Maui County is getting ready to roll out its “Safer Outside” emergency rules, which would require proof of vaccination for patrons to enter restaurants, bars, and gyms, starting next Wednesday.
The new rules would also require restaurants and bars to close by 10 p.m., among other new restrictions, and no spectators would be allowed at sports events, regardless of whether they are indoors or outdoors.
At a Maui County briefing Tuesday, Mayor Mike Victorino said these new rules were necessary to bring COVID-19 case numbers and hospitalizations down as the highly contagious delta variant continues to circulate in the isle’s community.
“Just wanted to remind everyone this delta variant is extremely dangerous, extremely contagious, and most importantly for those who are not vaccinated very, very life-threatening,” said Victorino. “Hospitalization rates, and you look at what’s happening through the state, throughout the nation, and throughout the world, has gone up tremendously and there’s no slowing it down.”
Some details are still being finalized, said Victorino, but the rules are expected to be approved by Gov. David Ige and go into effect next Wednesday, Sept. 15. They are expected to remain in place for 30 days, and then undergo further evaluation.
The “Safer Outside” emergency rules would implement the following:
>> Limit social gatherings to five people inside, 10 people outside.
>> Patrons of restaurants, bars, and gyms over age 12 must show proof of vaccination to enter. They can show their completed vaccination cards in original, photocopied, or digital form. Unvaccinated patrons of restaurants may dine outdoors or get takeout. Unlike Oahu, a negative COVID test will not be an option for entering restaurants, bars, and gyms.
>> Restaurants, bars, and gyms must operate at 50% capacity. Restaurants and bars must also close by 10 p.m.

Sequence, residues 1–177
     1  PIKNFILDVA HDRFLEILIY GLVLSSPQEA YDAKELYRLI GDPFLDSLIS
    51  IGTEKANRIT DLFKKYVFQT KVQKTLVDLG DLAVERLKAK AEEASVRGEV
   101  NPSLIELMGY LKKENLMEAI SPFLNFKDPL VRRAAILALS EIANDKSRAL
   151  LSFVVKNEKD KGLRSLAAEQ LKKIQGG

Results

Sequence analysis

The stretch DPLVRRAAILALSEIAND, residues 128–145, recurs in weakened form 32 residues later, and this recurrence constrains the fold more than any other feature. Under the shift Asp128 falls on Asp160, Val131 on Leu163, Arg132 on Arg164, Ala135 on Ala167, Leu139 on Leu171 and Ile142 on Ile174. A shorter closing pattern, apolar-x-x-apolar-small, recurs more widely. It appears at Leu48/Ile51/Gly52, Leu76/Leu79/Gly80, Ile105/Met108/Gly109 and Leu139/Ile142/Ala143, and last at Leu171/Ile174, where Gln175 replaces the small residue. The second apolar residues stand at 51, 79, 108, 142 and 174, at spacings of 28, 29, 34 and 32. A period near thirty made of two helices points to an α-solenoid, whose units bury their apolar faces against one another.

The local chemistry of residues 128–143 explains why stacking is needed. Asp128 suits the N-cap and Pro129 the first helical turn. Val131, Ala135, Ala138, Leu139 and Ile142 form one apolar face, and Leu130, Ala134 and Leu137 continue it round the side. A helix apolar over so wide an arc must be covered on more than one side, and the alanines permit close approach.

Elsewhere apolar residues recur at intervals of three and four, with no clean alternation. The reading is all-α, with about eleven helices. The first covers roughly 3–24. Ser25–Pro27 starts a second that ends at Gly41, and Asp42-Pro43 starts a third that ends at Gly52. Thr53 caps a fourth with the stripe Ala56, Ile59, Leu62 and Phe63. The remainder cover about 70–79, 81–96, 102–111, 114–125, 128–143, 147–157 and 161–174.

>> Commercial boat and ground transportation tours are limited to 50% capacity, down from 75%.
>> No spectators allowed at indoor or outdoor sports events.
Victorino said these rules represent a compromise and were an effort to keep businesses open with the high number of coronavirus case counts instead of a total shutdown.
“These are options, these are methods we believe can level the curve and hopefully start to bring the numbers down,” he said, “and if the numbers don’t come down in the next 30 days we may have to implement stricter rules and stricter mandates.”
He noted that two counties have had new cases in the hundreds-plus range as the daily average.
“And we’re not too far behind, ladies and gentleman,” he said.
He noted, as well, that almost a third of all Maui County cases in the last week and a half have been among children under age 17, including some as young as three and four years old. Also, he said there has been an uptick of deaths, with 77 recorded in Maui County, in addition to the hospital being overwhelmed at times.
“To be honest with you this is a compromise that we came up with” said Victorino. “We mirrored a lot of what Oahu did because they have the same problem and others are doing very similar takes without totally shutting down, in other words, going to stay-at-home orders.”
On Oahu, Honolulu County’s “Safe Access Oahu” program begins next Monday, Sept. 13.